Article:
Pardon the pun, but the word pollution has a surprisingly dirty etymology. It wasn't until the 1860s that the word meant "environmental contamination"; before that it had the very specific definition of "semen released anytime other than during intercourse", often referring to nocturnal emissions. Obviously this is connected to the modern word through a sense of contamination, but where does it come from? The source in question is Latin pollutionem, which had a bit broader meaning of a "defilement" or "desecration" of any kind. This nominative can be conjugated into the verb polluere, which meant "to defile" and was composed of two parts: por-, meaning "before", and luere, meaning "to smear." Essentially, "before smearing". Make your own inferences. Por- comes from the Proto-Indo-European root per, with the same definition and luere comes from Proto-Indo-European leu, or "to make dirty".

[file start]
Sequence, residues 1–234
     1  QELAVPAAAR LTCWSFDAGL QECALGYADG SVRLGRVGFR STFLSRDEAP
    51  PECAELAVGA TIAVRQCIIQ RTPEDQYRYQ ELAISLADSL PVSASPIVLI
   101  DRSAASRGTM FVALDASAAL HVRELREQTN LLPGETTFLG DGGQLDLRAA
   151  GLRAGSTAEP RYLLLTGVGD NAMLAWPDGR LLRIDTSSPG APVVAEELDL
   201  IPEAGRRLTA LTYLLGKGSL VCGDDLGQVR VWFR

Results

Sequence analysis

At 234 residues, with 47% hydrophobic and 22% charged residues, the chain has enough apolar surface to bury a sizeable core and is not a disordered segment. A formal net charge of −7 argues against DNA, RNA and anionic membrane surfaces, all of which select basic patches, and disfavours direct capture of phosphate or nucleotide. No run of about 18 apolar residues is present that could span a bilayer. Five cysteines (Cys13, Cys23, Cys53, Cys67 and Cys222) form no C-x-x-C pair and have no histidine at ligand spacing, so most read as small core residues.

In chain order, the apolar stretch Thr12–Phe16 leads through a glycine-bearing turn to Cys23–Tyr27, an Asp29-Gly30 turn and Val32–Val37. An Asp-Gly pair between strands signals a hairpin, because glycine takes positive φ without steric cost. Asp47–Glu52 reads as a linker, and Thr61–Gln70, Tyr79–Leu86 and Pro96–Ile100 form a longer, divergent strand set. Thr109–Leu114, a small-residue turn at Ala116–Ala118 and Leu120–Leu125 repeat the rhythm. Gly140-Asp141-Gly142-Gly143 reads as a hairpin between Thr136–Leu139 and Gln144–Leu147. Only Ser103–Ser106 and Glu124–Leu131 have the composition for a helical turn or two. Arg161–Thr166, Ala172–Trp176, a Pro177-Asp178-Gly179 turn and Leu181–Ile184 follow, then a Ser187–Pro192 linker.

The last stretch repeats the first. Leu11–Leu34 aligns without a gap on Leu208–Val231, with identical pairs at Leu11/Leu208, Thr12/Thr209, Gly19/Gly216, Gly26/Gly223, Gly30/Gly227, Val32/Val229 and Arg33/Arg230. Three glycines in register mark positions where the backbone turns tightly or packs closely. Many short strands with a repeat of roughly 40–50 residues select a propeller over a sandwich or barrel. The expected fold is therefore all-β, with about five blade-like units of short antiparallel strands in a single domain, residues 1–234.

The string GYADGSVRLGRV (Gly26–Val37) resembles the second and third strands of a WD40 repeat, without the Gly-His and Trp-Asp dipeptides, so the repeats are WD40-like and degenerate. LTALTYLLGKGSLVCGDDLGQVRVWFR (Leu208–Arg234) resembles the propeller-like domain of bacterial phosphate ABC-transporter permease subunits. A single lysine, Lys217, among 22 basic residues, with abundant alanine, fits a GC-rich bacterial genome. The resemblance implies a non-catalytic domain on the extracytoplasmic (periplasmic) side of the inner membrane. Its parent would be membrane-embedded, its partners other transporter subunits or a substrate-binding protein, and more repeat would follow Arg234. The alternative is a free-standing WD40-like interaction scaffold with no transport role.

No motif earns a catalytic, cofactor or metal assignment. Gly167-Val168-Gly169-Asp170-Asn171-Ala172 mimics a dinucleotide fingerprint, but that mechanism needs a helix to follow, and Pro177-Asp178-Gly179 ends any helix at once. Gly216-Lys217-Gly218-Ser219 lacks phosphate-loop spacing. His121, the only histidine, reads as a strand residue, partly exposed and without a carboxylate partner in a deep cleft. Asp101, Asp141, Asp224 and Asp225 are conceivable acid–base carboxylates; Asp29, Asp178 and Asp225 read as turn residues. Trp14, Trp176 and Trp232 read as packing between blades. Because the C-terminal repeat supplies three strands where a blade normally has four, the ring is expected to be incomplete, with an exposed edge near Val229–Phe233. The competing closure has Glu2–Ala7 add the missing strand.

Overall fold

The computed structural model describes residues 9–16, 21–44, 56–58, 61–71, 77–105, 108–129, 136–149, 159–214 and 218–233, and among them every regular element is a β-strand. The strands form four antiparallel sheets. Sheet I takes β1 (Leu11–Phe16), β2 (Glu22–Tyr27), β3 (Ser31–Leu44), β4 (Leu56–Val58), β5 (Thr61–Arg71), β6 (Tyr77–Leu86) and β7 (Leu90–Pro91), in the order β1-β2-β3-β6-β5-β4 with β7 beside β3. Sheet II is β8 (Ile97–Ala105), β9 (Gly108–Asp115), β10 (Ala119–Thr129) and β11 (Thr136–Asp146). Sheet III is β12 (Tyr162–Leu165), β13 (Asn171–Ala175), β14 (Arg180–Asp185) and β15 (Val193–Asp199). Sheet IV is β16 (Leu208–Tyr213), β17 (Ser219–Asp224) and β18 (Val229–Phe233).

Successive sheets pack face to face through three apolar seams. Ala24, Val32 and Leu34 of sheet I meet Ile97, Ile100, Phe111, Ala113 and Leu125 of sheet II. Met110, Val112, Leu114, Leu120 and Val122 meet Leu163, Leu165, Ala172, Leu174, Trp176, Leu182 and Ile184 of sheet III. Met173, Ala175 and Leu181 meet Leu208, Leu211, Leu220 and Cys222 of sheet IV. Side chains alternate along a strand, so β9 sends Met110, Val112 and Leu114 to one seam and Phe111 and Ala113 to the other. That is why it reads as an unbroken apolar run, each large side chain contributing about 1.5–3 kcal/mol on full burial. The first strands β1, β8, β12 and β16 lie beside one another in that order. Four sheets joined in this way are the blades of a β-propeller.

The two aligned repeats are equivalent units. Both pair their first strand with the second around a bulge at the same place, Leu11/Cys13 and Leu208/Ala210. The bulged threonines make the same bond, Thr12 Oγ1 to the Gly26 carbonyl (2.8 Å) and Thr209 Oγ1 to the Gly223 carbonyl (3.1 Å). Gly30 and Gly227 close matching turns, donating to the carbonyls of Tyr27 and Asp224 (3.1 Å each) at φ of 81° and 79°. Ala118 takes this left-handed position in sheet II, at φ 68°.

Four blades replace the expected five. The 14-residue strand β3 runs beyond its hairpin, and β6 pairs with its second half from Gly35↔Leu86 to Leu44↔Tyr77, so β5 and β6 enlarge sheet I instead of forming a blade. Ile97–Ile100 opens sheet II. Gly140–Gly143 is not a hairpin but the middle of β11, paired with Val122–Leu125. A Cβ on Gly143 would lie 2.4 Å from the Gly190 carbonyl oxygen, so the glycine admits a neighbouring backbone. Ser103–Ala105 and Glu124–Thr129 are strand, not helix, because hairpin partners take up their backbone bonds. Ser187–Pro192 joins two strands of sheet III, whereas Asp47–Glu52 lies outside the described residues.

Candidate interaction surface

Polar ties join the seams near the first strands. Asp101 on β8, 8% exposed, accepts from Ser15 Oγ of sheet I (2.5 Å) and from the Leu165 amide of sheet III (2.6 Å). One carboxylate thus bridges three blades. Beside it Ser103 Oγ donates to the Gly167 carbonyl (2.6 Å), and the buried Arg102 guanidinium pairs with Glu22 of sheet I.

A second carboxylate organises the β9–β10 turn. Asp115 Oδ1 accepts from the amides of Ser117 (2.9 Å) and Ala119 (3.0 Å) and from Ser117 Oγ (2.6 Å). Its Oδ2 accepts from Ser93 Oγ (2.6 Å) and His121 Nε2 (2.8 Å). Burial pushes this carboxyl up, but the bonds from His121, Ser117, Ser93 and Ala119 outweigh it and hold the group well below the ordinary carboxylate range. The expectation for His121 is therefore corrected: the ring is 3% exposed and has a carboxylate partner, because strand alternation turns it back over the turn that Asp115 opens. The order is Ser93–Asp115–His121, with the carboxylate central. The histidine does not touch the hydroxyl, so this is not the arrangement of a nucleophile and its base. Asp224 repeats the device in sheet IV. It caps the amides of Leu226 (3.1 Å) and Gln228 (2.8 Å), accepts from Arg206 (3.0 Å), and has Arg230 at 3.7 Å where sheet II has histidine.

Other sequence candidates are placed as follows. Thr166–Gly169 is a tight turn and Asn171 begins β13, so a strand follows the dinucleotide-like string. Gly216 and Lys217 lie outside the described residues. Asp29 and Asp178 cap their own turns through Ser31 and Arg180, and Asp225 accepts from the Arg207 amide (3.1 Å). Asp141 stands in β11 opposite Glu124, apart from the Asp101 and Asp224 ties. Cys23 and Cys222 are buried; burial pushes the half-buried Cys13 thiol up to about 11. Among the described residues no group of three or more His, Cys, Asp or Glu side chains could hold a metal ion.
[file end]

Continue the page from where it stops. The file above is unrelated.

Hello! I'm Adam Aleksic, a sophomore studying linguistics and government at Harvard University, where I founded the Harvard Undergraduate Linguistics Society. I also have disturbing interests in politics, vexillology, geography, board games, conlanging, and law.